The Palestinian leadership is right to reach out to Israelis. Israeli public opinion is of strategic importance in order to achieve Palestinian viable statehood. While the current government will not be convinced by these arguments — even if Abbas were to join the Likud movement — the mainstream Israeli public could indeed opt for a two-state solution on the condition of having a reliable security partner on the Palestinian side. Therefore, the Palestinians have little choice but to expose to the Israelis their successful security cooperation with Israel and the Fatah struggle against Hamas. This depends, to a large degree, on the rhetoric of the Palestinian leader, who should emphasize his moderate positions more forcefully to the Israeli public. This necessity of highlighting cooperation was in past years well understood by former President Anwar Sadat of Egypt and by King Hussein of Jordan, who expressed strong empathy with Israeli security concerns and its legitimacy.

As to the Israeli government, its approach to this issue is wrong. BDS is not the problem; the occupation is. BDS is an Arab platform for European radical leftists who are hostile to Israel or just critical of the occupation. It is not an effective boycott movement, as was the case with apartheid South Africa, and it generally alienates liberal Israeli institutions that are willing to cooperate with Palestinians. Most Israelis have little interest in it. The more effective anti-occupation movements are related to international governmental and nongovernmental efforts to boycott the settlements and label their goods. These campaigns emphasize the cost of occupation.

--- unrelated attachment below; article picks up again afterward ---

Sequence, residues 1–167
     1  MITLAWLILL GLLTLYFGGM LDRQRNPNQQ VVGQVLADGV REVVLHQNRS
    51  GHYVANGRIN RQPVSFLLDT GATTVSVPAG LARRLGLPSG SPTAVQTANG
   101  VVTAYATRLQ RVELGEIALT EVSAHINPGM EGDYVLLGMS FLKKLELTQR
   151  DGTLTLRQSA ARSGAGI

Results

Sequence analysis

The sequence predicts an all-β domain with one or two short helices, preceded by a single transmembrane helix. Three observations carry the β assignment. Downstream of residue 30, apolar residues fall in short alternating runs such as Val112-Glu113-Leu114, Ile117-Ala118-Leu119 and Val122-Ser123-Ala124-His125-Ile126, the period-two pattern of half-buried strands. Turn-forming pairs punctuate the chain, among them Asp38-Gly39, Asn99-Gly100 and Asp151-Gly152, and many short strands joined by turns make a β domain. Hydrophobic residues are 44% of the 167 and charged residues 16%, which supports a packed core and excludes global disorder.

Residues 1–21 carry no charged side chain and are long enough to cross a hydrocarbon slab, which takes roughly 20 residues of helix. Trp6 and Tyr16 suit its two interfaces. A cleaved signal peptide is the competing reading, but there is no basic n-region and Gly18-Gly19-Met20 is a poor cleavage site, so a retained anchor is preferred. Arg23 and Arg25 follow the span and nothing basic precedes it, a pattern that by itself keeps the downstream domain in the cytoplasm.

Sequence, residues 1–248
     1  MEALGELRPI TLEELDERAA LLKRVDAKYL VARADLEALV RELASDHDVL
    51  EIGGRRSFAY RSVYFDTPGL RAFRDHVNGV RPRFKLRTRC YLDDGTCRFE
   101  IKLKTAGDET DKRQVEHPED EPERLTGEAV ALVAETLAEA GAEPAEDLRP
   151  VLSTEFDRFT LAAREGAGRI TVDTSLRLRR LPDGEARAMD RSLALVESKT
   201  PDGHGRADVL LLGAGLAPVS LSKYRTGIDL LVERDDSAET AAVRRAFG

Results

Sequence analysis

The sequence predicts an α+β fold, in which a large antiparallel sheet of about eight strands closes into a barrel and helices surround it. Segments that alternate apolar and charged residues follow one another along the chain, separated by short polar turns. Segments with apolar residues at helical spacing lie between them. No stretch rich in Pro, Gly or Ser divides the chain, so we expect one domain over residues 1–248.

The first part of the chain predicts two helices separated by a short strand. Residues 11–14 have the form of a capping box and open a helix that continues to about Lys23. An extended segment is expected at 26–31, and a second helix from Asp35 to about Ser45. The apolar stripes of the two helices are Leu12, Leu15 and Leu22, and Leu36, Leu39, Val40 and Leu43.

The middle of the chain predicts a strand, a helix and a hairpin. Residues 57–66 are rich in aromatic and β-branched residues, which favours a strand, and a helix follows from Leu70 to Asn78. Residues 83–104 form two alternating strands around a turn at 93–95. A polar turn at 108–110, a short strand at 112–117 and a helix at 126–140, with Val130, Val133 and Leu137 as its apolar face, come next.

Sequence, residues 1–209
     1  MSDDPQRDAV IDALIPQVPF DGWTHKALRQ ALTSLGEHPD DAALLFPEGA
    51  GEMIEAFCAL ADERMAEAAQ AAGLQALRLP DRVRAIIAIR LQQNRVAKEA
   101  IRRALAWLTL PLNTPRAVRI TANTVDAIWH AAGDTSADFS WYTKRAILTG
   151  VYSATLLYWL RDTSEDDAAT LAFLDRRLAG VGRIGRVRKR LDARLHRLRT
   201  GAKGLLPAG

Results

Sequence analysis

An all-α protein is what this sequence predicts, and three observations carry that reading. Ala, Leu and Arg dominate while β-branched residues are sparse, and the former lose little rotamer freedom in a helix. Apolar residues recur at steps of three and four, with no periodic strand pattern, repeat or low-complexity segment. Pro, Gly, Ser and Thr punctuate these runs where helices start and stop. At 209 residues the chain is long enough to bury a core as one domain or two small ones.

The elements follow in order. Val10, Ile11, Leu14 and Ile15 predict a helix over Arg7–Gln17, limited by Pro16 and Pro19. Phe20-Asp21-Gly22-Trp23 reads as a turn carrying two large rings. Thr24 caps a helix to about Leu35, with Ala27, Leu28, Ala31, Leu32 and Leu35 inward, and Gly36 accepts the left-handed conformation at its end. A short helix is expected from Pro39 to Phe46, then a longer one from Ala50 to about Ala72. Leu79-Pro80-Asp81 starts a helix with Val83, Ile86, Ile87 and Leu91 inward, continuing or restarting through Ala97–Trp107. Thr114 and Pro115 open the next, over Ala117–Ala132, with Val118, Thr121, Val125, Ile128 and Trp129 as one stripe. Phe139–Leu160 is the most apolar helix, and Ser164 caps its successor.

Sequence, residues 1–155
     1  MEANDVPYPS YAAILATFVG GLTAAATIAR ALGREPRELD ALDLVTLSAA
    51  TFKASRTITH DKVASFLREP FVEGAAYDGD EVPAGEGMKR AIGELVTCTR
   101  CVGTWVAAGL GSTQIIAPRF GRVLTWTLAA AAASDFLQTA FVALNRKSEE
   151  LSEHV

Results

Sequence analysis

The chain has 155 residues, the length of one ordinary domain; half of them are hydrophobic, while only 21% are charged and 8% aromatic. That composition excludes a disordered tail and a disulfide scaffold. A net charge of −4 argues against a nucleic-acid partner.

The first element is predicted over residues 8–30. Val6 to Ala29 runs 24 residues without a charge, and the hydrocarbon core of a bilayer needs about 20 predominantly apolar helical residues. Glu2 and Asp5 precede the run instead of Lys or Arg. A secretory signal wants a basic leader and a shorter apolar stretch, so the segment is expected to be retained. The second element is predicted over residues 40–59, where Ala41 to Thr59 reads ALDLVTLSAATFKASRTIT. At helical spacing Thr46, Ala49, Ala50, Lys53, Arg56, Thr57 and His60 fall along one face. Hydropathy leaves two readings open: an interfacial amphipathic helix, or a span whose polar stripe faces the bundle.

In continuing with its current policies, Israel risks not just boycotts by the West, It jeopardizes its international standing and its long-term relationships with the European Union. These policies even risk its relations with the United States. Hence, it is time for Israel to partner with the Palestinian leadership on a two-state solution based on the 1967 lines and to regain its place among nations.